Figure 2: Synthesis of serotonin from the amino acid tryptophan*

This means that taking a dose of a single amino acid can affect brain chemistry in a way that doesn’t occur when consuming a mix of amino acids (ie eating protein). This altered brain chemistry can also affect hormone balance in the body. An obvious question at this point is to ask why can single amino acids produce this ‘brain chemistry/hormone’ effect while mixtures of amino acids as consumed in protein generally don’t? The reason is that many of these different amino acids ‘compete’ to cross the blood brain barrier. When taking a single amino acid, there are no other amino acids to compete for absorption. Therefore, consuming a single amino acid, away from others, means that it can cross this barrier unimpeded. This significantly raises the level of that amino acid in the brain, potentially affecting brain chemistry.

Single amino acids and sport performance

If single amino acid consumption can alter brain chemistry/function and affect hormone balance, are there some amino acids that could help alter your brain chemistry/function and hormone balance in a way that is favorable for sport performance? Unlike protein and muscle metabolism, this is a topic where there is a relative paucity of data in the literature. However, some studies have been carried out with interesting results, and in the next section, we’ll look at the evidence for and against the use of amino acids for performance.


One amino acid that has received particular attention is tyrosine. Tyrosine is the precursor to the ‘catecholamine’ neurotransmitters dopamine and norepinephrine. These catecholamines are produced by sympathetic nervous system activation, which results in activity autonomic arousal – (more commonly known as the fight-or-flight stress response) – exactly what athletes need during flat-out exercise! In theory, increasing tyrosine uptake should positively influence catecholamine-related psychological functioning. But what does the science say?

Unfortunately, the results are rather mixed. One study on cycling performance in very hot conditions found that consuming 150mgs of tyrosine per kilo of bodyweight one hour beforehand improved the time to exhaustion of the cyclists(4). The researchers surmised that the tyrosine helped the cyclists combat the physical stress induced by the heat/exercise combination. It has also been shown that depleting tyrosine in the brain (by administering a tyrosine-free amino-acid mix) worsens exercise performance in the heat(5).

In contrast however, a 2015 study concluded that there were no significant effects of tyrosine on exercise performance(6). However, it did find that tyrosine supplementation counteracted the decrements in working memory and information processing induced by demanding situational conditions such as extreme weather or cognitive load. In other words, for athletes whose events involve information processing in demanding conditions, tyrosine may help cognition thanks to its ability to combat depleted brain catecholamine levels.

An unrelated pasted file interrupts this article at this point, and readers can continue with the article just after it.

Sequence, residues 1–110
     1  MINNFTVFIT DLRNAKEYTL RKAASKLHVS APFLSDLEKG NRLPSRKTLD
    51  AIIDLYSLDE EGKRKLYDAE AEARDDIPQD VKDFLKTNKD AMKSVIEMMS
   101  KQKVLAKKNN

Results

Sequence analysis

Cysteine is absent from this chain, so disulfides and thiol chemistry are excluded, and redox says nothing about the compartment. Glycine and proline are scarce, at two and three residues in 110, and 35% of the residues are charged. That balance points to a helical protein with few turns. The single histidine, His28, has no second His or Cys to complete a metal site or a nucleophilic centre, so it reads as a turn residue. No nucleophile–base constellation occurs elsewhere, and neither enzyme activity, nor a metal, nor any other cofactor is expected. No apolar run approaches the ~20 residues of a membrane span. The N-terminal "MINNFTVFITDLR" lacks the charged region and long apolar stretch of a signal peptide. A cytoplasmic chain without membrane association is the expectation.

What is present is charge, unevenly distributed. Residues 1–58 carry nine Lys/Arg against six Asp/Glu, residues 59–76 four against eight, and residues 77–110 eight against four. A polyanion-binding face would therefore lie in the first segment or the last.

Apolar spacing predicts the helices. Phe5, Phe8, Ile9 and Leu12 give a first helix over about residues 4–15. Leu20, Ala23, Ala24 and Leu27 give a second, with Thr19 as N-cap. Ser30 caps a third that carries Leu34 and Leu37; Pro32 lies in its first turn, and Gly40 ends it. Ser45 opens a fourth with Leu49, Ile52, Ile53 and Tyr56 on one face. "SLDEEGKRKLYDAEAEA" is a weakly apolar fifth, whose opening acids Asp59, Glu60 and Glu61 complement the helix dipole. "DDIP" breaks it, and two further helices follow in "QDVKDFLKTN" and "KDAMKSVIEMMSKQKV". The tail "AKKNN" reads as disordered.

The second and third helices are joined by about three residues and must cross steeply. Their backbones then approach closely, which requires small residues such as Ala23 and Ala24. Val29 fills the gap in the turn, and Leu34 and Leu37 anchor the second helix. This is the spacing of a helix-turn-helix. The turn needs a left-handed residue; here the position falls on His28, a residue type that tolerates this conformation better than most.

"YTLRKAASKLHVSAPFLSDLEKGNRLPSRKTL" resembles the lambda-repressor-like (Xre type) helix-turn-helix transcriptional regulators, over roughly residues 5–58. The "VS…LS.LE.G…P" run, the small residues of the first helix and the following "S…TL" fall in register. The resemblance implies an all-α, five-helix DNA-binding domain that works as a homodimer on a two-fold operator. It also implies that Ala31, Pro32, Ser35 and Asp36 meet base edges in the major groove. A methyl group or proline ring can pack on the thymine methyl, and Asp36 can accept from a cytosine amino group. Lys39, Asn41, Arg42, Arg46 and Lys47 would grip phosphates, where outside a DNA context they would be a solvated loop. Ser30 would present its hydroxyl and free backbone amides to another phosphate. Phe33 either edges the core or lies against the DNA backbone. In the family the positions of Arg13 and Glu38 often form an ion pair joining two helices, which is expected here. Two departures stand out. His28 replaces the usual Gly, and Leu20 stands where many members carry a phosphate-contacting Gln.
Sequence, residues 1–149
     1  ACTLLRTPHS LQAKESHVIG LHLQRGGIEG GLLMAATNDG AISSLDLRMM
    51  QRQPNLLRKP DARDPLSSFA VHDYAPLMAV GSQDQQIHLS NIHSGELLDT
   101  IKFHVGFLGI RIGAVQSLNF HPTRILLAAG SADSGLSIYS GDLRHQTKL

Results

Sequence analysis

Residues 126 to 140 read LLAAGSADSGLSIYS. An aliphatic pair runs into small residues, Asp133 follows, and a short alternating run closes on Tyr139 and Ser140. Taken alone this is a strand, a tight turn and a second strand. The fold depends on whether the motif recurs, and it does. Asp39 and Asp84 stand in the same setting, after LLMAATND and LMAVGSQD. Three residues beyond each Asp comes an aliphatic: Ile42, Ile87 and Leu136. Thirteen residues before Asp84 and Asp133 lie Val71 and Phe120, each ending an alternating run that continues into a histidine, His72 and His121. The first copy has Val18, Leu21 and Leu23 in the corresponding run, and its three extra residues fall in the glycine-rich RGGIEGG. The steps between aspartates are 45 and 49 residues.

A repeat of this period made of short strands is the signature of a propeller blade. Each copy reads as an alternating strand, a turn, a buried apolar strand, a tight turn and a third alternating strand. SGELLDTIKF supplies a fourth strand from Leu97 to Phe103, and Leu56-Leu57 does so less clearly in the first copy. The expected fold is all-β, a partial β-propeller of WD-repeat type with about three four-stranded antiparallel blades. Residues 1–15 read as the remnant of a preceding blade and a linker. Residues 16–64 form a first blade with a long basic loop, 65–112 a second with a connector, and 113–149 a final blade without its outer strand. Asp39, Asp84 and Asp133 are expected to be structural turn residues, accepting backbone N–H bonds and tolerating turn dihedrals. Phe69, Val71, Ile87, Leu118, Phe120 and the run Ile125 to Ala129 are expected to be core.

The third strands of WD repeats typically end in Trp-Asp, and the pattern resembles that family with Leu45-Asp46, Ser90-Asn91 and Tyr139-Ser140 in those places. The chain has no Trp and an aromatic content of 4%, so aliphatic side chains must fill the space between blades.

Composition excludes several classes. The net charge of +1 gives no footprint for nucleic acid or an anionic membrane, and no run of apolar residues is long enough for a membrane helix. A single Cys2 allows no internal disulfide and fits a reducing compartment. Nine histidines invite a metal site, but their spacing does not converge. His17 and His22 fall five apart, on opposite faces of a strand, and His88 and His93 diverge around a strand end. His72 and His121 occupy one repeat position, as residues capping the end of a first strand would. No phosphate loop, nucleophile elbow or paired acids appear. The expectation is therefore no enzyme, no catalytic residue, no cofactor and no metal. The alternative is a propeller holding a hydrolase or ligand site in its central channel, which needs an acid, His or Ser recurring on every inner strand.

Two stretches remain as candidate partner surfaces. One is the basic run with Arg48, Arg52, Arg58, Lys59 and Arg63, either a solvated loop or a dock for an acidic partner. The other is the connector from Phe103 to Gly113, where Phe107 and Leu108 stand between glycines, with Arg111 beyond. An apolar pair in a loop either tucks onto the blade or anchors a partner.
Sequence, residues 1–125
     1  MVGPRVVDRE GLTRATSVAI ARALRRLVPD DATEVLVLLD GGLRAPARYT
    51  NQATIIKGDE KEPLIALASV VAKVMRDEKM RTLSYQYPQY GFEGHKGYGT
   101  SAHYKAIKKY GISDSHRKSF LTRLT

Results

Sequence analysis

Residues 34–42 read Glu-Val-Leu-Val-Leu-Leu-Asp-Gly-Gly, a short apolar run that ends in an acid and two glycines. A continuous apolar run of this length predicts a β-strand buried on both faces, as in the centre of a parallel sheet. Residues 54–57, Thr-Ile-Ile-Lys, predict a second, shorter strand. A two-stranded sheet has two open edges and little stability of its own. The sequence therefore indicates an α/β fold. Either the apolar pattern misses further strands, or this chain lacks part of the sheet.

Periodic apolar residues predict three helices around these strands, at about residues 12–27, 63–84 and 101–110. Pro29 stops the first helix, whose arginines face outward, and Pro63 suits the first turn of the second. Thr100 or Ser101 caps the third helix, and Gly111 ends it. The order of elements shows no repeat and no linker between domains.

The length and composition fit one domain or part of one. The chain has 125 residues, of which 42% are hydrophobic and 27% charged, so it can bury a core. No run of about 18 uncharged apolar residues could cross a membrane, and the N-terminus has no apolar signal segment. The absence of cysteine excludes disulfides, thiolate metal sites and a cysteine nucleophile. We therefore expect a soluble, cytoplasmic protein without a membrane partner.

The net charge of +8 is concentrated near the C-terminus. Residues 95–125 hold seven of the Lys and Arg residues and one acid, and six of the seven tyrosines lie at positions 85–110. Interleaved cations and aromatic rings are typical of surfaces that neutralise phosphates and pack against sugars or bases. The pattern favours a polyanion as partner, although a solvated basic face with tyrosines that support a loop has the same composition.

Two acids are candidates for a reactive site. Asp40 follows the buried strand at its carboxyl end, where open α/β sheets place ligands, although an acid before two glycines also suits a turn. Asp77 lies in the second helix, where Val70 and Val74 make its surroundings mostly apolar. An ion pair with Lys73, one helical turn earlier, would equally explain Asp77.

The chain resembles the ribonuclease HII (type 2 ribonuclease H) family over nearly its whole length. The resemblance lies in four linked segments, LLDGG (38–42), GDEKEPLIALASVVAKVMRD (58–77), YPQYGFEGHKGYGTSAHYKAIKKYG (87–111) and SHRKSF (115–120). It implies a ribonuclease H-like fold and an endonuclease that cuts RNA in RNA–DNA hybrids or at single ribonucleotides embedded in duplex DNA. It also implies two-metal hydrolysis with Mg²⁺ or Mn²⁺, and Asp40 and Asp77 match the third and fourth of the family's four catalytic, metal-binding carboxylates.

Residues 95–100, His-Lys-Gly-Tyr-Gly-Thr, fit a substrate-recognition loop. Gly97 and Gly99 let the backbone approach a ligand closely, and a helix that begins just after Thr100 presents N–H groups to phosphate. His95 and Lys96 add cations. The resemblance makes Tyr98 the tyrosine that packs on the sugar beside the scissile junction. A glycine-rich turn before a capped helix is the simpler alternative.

Meanwhile, a study on military recruits found no benefits – either in terms of physical performance or cognition – when consuming pre-exercise tyrosine(7). But just to confuse matters further, a review study (pooling the results from a number of previous studies) found that tyrosine supplementation can boost cognition but has little effect on exercise performance(8). These findings (for cognitive but not exercise benefits) were replicated by another large review study also carried out that year(9).


As a single amino-acid, phenylalanine has been little researched in the context of exercise. However, a recent study found that while there were no cognitive benefits, a pre-exercise dose of three grams of phenylalanine significantly enhanced fat burning during sub-maximal exercise(10). Likewise, another study found that phenylalanine (in combination with arginine and alanine) stimulated fat burning during exercise(11)

This fat-burning effect is most probably because phenylalanine ingestion increases carbohydrate storage hormone glucagon, forcing the body to derive more fat from fuel. But while this approach might be good for fat-burning during early-season training, anything that reduces carbohydrate availability is NOT recommended for athletes engaging in competition, where maximum performance matters!